Larsen traveled to Napa Valley with his wife in the late seventies. After touring several wineries he began to think about making wine commercially. "It planted the seed," Larsen says.
At this point, however, Washington had a limited number of wineries. Several that would become among the state's most heralded, such as Leonetti Cellar and Quilceda Creek, were just starting out. These wineries, along with Woodward Canyon, would provide Larsen with the final inspiration he needed to start a commercial winery.
Larsen joined the Boeing Employees Wine and Beermakers Club in 1987 and began making grape wine. By 1988, he was convinced that he could produce a commercial product.
In coming up with a name for his winery, Larsen decided to have a contest. "I said I'd give a case of wine to whoever can come up with a name for the winery," Larsen says. "The very first name given was Soos Creek," the name of a nearby creek.
Larsen continued collecting names and eventually passed them on to a consultant to do trademark research. Larsen says the consultant came back to him and said, "Soos Creek is a really good name. And it's the only one on your list that's any good!" Soos Creek Wine Cellars was born in 1989 in Larsen's garage. Brian Carter, now of Brian Carter Cellars, assisted as a consultant to help get him started.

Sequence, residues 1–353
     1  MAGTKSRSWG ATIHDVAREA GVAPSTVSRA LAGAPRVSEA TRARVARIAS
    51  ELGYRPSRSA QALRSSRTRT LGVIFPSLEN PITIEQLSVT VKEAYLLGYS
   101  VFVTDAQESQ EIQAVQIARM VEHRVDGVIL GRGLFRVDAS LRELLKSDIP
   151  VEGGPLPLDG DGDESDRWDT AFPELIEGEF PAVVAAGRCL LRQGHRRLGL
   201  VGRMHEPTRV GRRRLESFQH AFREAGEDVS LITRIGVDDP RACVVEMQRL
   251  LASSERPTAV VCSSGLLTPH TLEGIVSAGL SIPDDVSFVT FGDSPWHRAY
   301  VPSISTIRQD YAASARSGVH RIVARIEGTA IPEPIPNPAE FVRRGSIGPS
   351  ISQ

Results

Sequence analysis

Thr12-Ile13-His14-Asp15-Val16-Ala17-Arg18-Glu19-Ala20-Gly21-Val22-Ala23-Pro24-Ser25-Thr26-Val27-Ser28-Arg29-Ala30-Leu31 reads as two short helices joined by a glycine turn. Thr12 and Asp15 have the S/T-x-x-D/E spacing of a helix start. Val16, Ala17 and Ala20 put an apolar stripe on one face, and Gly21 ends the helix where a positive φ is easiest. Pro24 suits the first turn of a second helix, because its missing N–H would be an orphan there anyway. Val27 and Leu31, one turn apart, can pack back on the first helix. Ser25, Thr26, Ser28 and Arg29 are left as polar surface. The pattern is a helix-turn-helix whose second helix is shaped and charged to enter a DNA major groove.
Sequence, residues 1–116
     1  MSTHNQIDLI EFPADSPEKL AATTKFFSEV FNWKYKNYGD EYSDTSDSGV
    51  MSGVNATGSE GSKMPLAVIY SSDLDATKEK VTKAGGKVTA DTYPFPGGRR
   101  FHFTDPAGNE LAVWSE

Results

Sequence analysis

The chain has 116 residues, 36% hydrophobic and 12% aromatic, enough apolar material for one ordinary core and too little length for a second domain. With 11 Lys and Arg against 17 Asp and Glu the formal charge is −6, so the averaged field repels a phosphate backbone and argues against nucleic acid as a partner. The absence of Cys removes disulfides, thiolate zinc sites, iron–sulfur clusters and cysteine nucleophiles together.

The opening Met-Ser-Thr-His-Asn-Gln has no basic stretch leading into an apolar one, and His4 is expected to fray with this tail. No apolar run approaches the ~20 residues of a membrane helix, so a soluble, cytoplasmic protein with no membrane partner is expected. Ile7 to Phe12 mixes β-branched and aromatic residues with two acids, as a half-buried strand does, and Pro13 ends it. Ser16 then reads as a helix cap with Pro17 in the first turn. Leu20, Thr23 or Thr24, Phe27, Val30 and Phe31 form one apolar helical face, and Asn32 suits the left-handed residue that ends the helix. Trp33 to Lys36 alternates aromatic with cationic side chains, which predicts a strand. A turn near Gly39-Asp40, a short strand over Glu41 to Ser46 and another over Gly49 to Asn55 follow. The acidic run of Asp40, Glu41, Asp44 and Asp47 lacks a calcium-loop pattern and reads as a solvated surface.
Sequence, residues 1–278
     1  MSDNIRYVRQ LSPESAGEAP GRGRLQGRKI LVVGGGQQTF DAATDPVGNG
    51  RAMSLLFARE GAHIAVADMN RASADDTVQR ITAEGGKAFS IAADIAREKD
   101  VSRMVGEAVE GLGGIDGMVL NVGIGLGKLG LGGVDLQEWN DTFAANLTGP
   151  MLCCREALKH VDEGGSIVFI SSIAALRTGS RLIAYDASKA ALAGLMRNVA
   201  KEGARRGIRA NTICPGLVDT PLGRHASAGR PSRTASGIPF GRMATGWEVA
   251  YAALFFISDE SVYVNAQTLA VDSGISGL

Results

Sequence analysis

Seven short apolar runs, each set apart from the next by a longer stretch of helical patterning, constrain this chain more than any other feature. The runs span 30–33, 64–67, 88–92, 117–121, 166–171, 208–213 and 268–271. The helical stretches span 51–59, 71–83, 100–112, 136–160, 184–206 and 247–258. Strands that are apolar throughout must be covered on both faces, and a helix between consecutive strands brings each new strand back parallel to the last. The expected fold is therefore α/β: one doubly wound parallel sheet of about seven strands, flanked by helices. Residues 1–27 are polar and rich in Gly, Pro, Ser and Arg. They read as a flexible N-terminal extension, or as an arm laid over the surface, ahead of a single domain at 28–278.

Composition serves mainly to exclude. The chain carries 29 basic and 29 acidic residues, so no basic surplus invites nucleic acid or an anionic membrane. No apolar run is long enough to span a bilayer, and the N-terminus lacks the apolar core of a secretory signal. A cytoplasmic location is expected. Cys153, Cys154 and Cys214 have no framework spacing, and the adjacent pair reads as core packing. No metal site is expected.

A history of slow growth
Reflecting his cautious personality, Larsen started out small and has grown slowly over the last twenty years to around 1,600 cases. This has also allowed him to focus closely on each barrel of wine. During this time, Larsen has worked hard to keep his overhead low, doing little things like trading wine for label designs and the like. Subsequently the Soos Creek wines are among the best priced in the state, especially considering the quality of the wine and the vineyard sources. Larsen says he enjoys not having to work quite so hard to sell the wines, and consumers appreciate the prices.